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Pulmonary neuroendocrine carcinoma mimicking neurocysticercosis: a case report

Overview of attention for article published in Journal of Medical Case Reports, June 2016
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About this Attention Score

  • In the top 25% of all research outputs scored by Altmetric
  • High Attention Score compared to outputs of the same age (87th percentile)

Mentioned by

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1 news outlet
twitter
2 tweeters

Citations

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5 Dimensions

Readers on

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37 Mendeley
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Title
Pulmonary neuroendocrine carcinoma mimicking neurocysticercosis: a case report
Published in
Journal of Medical Case Reports, June 2016
DOI 10.1186/s13256-016-0910-y
Pubmed ID
Authors

John C. Lam, Stephen R. Robinson, Andrew Schell, Stephen Vaughan

Abstract

Neurocysticercosis occurs when the eggs of the pork tapeworm (Taenia solium) migrate and hatch into larvae within the central nervous system. Neurocysticercosis is the most common cause of seizures in the developing world and is characterized on brain imaging by cysts in different stages of evolution. In Canada, cases of neurocysticercosis are rare and most of these patients acquire the disease outside of Canada. We report the case of a patient with multiple intracranial lesions whose history and diagnostic imaging were consistent with neurocysticercosis. Pathological investigations ultimately demonstrated that her brain lesions were secondary to malignancy. Brain metastases are considered to be the most common cause of intracranial cystic lesions. We present the case of a 60-year-old Canadian-born Caucasian woman with a subacute history of ataxia, lower extremity hyper-reflexia, and otalgia who resided near a pig farm for most of her childhood. Computed tomography and magnetic resonance imaging showed that she had multiple heterogeneous intracranial cysts, suggestive of neurocysticercosis. Despite a heavy burden of disease, serological tests for cysticercosis were negative. This result and a lack of the central scolices on neuroimaging that are pathognomonic of neurocysticercosis prompted whole-body computed tomography imaging to identify another etiology. The whole-body computed tomography revealed right hilar lymphadenopathy associated with soft tissue nodules in her chest wall and abdomen. A biopsy of an anterior chest wall nodule demonstrated high-grade poorly differentiated carcinoma with necrosis, which stained strongly positive for thyroid transcription factor-1 and synaptophysin on immunohistochemistry. A diagnosis of stage 4 metastatic small cell neuroendocrine carcinoma was made and our patient was referred for oncological palliative treatment. This case illustrates the importance of the diagnostic approach to intracranial lesions. Our patient's diagnosis of neuroendocrine carcinoma was delayed because of her nontraditional presentation. Despite extensive metastatic burden, the lack of perilesional edema and the identification of lesions appearing to be in various stages of development led to a pursuit of neurocysticercosis as the diagnosis. The absence of constitutional symptoms should not discount the possibility of malignancy from the differential diagnosis.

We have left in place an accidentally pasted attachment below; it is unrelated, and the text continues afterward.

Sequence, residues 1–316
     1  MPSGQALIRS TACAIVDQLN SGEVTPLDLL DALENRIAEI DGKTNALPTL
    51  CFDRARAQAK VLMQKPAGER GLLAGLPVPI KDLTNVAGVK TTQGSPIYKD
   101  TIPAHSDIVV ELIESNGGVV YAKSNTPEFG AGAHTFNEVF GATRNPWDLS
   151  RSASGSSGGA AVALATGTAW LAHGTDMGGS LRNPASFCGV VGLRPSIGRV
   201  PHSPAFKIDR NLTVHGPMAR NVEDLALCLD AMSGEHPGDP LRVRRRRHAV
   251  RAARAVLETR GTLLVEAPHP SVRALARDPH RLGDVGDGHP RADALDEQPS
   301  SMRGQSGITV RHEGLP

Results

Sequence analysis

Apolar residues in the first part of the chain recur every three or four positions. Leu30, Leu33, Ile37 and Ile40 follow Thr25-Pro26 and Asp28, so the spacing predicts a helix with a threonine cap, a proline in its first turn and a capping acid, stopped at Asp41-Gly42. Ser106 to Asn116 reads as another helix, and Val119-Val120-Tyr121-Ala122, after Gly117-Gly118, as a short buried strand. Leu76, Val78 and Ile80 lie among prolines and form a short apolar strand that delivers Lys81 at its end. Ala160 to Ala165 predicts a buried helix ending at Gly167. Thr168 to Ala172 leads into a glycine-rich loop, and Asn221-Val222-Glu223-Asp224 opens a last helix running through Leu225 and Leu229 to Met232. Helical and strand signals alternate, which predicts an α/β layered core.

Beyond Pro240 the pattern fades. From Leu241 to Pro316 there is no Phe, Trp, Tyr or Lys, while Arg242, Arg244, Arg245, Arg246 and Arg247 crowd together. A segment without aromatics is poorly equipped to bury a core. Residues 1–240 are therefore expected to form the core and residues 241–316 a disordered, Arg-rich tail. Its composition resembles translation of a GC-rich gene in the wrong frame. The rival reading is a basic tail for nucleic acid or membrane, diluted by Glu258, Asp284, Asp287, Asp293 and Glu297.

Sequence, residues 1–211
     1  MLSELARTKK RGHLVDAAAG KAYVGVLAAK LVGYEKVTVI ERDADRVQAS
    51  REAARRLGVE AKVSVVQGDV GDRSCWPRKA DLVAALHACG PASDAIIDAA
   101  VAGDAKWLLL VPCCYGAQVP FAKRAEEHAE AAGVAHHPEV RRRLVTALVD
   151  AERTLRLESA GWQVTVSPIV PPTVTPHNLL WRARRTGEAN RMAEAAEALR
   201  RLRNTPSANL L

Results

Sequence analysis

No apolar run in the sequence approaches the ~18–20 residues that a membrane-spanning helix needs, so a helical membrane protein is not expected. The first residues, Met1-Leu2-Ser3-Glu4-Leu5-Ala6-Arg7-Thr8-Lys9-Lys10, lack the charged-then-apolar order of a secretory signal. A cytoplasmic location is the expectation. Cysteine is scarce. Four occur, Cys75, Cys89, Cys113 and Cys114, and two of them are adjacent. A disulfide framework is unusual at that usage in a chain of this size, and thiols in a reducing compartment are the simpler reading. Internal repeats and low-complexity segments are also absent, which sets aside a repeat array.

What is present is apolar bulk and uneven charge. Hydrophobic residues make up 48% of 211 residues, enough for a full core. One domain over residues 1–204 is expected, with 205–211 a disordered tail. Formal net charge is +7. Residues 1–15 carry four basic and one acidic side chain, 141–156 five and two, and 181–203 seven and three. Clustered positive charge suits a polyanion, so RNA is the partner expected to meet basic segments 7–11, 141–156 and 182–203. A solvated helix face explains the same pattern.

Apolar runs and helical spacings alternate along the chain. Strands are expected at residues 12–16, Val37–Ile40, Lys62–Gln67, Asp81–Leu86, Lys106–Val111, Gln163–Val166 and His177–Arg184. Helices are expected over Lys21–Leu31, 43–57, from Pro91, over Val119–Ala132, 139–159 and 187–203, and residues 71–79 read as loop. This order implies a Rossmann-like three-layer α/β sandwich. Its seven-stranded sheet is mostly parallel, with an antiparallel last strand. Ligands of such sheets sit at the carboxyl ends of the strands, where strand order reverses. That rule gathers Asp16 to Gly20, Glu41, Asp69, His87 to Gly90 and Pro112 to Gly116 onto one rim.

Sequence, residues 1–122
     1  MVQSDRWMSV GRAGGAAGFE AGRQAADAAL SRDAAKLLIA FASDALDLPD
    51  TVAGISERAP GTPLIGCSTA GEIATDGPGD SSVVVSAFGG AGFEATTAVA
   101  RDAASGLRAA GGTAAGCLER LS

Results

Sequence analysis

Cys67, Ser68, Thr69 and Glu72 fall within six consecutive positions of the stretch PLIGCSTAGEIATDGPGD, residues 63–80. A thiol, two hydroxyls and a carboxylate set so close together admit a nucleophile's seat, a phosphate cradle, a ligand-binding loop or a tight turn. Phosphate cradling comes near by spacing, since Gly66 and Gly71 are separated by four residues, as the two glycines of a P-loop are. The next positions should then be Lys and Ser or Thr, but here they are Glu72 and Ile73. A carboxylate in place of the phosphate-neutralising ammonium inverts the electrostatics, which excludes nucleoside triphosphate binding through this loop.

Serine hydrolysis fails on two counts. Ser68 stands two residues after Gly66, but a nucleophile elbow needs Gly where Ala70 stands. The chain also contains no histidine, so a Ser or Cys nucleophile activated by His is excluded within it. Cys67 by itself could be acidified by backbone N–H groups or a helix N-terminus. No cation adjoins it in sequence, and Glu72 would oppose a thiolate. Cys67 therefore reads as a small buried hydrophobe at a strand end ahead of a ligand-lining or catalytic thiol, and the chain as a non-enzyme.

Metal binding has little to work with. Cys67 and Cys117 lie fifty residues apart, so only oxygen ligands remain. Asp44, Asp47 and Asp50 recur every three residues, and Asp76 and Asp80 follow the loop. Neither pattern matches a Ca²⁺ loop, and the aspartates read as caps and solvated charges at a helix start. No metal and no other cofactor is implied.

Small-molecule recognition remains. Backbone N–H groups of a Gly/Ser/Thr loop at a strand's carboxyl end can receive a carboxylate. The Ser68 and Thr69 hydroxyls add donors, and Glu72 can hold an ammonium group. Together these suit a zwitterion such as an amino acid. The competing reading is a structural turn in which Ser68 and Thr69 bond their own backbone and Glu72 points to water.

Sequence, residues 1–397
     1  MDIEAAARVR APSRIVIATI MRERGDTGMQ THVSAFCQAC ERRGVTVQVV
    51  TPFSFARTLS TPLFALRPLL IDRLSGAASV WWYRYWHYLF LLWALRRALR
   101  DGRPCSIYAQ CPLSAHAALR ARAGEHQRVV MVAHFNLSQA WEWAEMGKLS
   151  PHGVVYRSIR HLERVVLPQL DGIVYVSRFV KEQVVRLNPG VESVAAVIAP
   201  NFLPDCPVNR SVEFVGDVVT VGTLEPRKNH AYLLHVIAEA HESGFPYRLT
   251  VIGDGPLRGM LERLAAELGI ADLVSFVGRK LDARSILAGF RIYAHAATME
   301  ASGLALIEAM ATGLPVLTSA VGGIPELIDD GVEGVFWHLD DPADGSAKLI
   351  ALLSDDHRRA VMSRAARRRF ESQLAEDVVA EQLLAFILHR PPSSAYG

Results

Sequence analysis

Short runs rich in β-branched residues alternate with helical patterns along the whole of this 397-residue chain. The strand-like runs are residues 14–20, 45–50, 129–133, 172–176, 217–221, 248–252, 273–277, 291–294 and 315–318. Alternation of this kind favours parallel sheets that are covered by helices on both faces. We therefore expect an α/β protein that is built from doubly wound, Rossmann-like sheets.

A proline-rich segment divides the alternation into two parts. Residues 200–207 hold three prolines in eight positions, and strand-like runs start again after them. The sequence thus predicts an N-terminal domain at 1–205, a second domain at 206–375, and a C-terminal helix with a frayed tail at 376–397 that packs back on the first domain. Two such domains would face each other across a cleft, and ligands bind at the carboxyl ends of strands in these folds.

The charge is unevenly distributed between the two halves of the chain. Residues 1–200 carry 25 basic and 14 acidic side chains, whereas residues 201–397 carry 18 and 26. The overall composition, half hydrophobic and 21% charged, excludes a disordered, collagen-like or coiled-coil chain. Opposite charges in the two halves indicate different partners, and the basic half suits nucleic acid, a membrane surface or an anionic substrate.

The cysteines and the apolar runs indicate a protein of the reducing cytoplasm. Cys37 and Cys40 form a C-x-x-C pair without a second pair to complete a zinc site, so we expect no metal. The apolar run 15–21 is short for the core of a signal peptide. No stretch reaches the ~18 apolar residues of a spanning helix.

Twitter Demographics

The data shown below were collected from the profiles of 2 tweeters who shared this research output. Click here to find out more about how the information was compiled.

Mendeley readers

The data shown below were compiled from readership statistics for 37 Mendeley readers of this research output. Click here to see the associated Mendeley record.

Geographical breakdown

Country Count As %
Denmark 1 3%
Unknown 36 97%

Demographic breakdown

Readers by professional status Count As %
Student > Bachelor 6 16%
Student > Postgraduate 5 14%
Student > Ph. D. Student 4 11%
Researcher 3 8%
Student > Doctoral Student 3 8%
Other 8 22%
Unknown 8 22%
Readers by discipline Count As %
Medicine and Dentistry 13 35%
Agricultural and Biological Sciences 5 14%
Immunology and Microbiology 2 5%
Pharmacology, Toxicology and Pharmaceutical Science 1 3%
Social Sciences 1 3%
Other 3 8%
Unknown 12 32%

Attention Score in Context

This research output has an Altmetric Attention Score of 13. This is our high-level measure of the quality and quantity of online attention that it has received. This Attention Score, as well as the ranking and number of research outputs shown below, was calculated when the research output was last mentioned on 08 October 2019.
All research outputs
#1,569,068
of 15,992,402 outputs
Outputs from Journal of Medical Case Reports
#95
of 2,639 outputs
Outputs of similar age
#34,737
of 269,182 outputs
Outputs of similar age from Journal of Medical Case Reports
#1
of 1 outputs
Altmetric has tracked 15,992,402 research outputs across all sources so far. Compared to these this one has done particularly well and is in the 90th percentile: it's in the top 10% of all research outputs ever tracked by Altmetric.
So far Altmetric has tracked 2,639 research outputs from this source. They receive a mean Attention Score of 3.2. This one has done particularly well, scoring higher than 95% of its peers.
Older research outputs will score higher simply because they've had more time to accumulate mentions. To account for age we can compare this Altmetric Attention Score to the 269,182 tracked outputs that were published within six weeks on either side of this one in any source. This one has done well, scoring higher than 87% of its contemporaries.
We're also able to compare this research output to 1 others from the same source and published within six weeks on either side of this one. This one has scored higher than all of them